Whenever I talk about Zymo, I remember the scene at the end of "Back to the Future," when Christopher Lloyd shoves a bunch of banana peels into "Mr. Fusion" to power his futuristic time-traveling DeLorean. Incredible as it may seem, that future isn't far off, although it's biofuel-driven rather than nuclear. And yes, Zymo can convert banana peels and grass clippings into bioethanol.
This partnership story began when the engineering company E-Fuel invented the MicroFueler, a large home appliance that helps convert certain types of biomass into bioethanol. The MicroFueler then pumps the bioethanol into your car, motorcycle or lawnmower.
The MicroFueler is marketed by a company called Epiphergy (a play on "epiphany" and "energy"). Epiphergy began working with NREL and Zymo to improve the productivity of the MicroFueler.
The result of this partnership among NREL, E-Fuel, and Epiphergy will be a home fueling station in which yard waste, food waste, and other items one might compost can be converted into fuel – more than 75 gallons a week. Expect to see this product soon.
Success stories like this Zymo partnership are plentiful within the DOE national laboratory community. The innovative technologies developed through research funding from DOE have had strong impacts on the nation’s economy and on the creation of jobs. This kind of innovation, funded by the DOE and created at the national laboratories, is pivotal as the country continues to recover economically. Developing clean energy industries and helping them flourish will add many new jobs to the economy.
Where can you find the thousands of patents and patent applications? Recently, the EERE and NREL developed and launched the EERE Energy Innovation Portal, an online tool initially created by NREL for DOE. It provides businesses and entrepreneurs access to the thought leadership of all 17 DOE national laboratories. The portal contains a centralized database of energy efficiency and renewable energy intellectual property, including more than 15,000 searchable DOE patented technologies. It also provides more than 300 business-friendly market summaries for technologies throughout the national labs.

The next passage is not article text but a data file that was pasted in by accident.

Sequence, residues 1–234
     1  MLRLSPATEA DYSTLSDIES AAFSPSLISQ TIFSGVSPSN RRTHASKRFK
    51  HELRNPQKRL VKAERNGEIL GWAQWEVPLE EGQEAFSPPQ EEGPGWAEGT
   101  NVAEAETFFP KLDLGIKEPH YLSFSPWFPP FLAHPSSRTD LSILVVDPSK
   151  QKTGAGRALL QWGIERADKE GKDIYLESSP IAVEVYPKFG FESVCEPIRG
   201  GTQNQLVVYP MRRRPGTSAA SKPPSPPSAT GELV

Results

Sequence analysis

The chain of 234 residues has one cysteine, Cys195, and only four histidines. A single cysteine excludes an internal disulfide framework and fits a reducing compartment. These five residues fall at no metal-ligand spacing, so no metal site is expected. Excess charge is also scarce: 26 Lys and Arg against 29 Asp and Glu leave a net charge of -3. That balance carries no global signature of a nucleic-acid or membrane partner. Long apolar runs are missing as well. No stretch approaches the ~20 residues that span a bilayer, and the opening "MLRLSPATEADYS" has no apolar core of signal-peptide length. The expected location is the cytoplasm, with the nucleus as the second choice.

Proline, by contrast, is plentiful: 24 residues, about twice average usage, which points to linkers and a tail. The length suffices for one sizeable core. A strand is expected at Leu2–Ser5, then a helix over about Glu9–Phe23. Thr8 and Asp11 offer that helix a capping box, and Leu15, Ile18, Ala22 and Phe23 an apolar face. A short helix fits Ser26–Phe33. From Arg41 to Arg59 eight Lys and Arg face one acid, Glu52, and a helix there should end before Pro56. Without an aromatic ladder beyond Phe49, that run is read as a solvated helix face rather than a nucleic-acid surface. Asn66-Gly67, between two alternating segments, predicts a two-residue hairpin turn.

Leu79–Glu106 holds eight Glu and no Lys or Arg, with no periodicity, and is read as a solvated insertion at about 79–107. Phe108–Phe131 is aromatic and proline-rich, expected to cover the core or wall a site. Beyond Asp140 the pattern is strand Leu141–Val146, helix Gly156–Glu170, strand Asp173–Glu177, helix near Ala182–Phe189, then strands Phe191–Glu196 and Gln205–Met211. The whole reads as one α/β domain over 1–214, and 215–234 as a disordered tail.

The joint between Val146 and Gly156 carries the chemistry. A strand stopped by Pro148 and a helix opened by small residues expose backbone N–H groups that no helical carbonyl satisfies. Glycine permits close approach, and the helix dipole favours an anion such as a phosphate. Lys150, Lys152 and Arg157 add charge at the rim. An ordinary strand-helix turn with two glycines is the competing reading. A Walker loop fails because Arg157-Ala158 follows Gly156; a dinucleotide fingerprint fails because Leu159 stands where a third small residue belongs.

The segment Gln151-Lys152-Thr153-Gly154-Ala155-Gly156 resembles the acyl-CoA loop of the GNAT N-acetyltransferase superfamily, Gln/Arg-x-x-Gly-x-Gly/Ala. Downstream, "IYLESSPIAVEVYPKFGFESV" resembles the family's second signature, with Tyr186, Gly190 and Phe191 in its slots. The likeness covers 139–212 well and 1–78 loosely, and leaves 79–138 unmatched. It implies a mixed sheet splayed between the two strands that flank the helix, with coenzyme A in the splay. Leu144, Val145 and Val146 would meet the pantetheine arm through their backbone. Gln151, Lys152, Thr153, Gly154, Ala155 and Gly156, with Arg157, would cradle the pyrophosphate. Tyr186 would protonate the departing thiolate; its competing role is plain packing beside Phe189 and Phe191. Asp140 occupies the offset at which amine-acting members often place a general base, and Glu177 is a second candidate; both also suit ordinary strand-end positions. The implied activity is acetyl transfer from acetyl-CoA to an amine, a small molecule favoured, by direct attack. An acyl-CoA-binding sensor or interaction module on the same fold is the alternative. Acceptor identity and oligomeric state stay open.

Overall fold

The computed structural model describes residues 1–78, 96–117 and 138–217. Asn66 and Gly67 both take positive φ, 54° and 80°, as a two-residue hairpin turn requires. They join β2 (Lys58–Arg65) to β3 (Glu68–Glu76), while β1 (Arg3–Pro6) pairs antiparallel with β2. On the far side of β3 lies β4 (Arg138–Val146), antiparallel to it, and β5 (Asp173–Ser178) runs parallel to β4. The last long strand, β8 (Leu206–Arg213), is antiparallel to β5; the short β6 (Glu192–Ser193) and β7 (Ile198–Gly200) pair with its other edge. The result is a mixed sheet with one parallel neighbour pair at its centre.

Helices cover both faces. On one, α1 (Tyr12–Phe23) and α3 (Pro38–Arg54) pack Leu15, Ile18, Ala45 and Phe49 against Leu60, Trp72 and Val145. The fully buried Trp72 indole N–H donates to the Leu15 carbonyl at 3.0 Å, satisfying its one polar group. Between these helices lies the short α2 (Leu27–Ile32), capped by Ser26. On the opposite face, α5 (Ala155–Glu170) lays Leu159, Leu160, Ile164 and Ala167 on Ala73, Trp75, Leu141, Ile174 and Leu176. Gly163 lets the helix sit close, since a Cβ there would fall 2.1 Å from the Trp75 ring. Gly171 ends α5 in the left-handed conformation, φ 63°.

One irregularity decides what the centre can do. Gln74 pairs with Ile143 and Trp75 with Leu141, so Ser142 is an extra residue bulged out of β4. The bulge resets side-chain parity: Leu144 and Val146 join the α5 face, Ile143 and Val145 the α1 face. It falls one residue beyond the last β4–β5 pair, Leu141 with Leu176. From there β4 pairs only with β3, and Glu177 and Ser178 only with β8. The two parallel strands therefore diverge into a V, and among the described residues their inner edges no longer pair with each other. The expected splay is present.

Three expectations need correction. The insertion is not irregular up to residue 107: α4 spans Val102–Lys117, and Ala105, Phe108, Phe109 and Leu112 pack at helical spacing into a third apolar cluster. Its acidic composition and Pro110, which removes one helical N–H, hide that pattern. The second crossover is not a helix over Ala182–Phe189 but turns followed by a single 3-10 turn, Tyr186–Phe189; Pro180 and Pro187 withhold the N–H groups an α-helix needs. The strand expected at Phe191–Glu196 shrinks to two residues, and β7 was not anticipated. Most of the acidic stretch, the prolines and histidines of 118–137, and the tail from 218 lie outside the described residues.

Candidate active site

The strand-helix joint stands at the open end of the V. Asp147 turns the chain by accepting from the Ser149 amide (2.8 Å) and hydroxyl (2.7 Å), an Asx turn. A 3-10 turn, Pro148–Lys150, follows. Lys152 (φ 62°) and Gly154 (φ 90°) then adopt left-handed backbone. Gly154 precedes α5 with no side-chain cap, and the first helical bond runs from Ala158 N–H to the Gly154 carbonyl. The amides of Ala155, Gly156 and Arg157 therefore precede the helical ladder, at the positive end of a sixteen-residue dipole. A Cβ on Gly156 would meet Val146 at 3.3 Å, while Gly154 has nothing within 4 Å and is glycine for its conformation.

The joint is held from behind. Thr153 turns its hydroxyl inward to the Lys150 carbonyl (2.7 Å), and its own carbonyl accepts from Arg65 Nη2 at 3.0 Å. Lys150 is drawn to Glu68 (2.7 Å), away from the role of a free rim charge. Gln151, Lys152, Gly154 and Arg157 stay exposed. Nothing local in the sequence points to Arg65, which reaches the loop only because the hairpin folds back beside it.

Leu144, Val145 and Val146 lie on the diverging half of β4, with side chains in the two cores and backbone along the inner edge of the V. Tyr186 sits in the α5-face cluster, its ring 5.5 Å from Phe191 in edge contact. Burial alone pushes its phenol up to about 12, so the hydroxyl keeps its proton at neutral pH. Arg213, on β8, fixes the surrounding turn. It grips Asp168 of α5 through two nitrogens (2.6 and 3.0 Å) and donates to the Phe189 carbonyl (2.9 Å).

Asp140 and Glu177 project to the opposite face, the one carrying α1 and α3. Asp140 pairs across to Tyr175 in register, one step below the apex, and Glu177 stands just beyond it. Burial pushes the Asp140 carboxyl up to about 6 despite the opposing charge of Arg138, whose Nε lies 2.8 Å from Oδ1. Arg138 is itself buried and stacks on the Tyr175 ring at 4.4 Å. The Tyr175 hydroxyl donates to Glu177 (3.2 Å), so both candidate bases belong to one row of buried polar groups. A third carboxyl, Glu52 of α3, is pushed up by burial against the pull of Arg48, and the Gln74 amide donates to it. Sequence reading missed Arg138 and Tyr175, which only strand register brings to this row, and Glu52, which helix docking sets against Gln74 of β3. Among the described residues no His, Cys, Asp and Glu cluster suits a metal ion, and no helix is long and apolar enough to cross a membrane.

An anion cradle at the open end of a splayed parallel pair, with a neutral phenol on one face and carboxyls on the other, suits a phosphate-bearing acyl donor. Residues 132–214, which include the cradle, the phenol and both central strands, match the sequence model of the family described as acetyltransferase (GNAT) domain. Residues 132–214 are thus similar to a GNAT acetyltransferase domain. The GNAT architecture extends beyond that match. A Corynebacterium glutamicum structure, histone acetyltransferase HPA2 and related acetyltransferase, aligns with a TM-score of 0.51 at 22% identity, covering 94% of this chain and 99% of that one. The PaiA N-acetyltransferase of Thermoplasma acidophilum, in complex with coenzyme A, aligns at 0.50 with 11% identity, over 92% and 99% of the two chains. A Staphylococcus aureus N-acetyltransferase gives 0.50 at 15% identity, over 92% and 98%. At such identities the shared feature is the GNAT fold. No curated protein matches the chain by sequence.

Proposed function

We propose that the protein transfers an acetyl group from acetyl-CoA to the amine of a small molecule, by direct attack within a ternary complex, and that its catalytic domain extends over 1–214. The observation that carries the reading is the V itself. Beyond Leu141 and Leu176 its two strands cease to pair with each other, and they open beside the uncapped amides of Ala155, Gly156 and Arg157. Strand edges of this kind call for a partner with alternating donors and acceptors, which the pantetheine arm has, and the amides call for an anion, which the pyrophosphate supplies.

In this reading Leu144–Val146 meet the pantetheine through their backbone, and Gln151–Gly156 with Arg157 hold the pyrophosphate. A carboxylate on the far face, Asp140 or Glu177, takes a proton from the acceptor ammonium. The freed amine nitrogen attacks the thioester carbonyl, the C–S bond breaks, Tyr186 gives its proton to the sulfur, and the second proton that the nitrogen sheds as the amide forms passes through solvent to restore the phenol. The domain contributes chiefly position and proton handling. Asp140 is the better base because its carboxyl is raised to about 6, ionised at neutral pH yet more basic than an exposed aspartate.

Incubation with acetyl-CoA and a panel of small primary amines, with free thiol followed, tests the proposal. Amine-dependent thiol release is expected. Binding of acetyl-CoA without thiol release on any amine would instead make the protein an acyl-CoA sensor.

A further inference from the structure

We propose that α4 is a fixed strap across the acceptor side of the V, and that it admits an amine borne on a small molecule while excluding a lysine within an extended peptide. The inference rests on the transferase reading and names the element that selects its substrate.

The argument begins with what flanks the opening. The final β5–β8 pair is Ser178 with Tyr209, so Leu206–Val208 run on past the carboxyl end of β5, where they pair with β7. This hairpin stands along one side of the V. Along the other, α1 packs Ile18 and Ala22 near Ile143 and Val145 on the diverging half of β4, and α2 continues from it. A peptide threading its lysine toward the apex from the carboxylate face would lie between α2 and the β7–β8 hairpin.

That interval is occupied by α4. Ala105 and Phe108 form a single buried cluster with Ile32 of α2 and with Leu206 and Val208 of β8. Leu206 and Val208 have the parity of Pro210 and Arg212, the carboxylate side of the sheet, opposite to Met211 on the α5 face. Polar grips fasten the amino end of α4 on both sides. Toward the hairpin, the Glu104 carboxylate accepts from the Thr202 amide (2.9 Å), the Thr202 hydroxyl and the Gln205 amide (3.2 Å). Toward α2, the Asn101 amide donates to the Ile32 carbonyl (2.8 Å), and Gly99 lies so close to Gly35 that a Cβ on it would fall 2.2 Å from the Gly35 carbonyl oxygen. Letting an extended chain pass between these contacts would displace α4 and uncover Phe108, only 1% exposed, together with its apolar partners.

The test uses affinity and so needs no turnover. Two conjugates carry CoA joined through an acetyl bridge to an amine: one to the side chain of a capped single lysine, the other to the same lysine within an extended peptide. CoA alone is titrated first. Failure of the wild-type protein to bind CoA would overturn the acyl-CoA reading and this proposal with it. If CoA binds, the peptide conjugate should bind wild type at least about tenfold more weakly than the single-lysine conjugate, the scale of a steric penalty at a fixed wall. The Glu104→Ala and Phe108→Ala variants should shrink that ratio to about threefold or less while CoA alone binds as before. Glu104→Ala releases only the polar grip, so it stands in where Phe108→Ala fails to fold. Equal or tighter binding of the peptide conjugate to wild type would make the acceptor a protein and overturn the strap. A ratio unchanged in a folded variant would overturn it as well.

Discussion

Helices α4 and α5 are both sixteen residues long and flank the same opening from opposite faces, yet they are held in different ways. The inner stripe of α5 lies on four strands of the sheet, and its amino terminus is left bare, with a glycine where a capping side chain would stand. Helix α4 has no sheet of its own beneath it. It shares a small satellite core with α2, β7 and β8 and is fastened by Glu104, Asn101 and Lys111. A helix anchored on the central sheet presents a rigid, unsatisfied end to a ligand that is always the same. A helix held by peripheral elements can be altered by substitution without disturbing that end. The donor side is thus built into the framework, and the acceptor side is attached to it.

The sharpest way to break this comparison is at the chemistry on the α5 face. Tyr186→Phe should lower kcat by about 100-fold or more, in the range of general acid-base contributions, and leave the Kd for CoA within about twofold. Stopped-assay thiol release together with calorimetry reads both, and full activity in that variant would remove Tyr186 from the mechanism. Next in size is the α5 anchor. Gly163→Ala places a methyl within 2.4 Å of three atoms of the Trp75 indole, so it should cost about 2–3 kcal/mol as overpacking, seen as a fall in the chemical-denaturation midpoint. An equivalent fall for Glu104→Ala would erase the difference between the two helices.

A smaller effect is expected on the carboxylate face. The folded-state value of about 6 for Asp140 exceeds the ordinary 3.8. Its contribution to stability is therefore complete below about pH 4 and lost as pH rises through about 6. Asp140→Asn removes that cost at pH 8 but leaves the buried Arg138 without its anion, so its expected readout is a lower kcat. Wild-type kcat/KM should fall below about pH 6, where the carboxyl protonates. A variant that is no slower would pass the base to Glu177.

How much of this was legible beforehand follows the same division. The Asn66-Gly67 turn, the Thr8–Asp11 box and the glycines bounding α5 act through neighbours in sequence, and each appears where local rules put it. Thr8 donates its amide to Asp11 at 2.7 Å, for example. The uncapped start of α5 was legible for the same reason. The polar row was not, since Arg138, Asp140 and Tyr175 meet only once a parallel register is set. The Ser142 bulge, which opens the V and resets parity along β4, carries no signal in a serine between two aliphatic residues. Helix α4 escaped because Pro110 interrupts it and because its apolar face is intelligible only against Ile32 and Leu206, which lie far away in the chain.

It's easy to use, and it's free. Users simply point and click to find out more about a technology or to connect with a licensing professional at the appropriate laboratory to talk about accessing these technologies.
The principle behind the EERE Energy Innovation Portal is one of collaboration and partnership – our public-sector laboratories need private-sector partners to move inventions to market and deploy them in the world. The portal is a tremendous tool to support that public-private collaboration and to make the innovation process as fast and as effective as possible.
Amazing things are happening in energy innovation, thanks to the DOE laboratories. As the players in the energy sector learn more about working with the labs and taking advantage of government-funded research, development, analysis, testing, and validation capabilities, great things are bound to happen.
William Farris is Vice President for Commercialization and Technology Transfer at the National Renewable Energy Laboratory (NREL).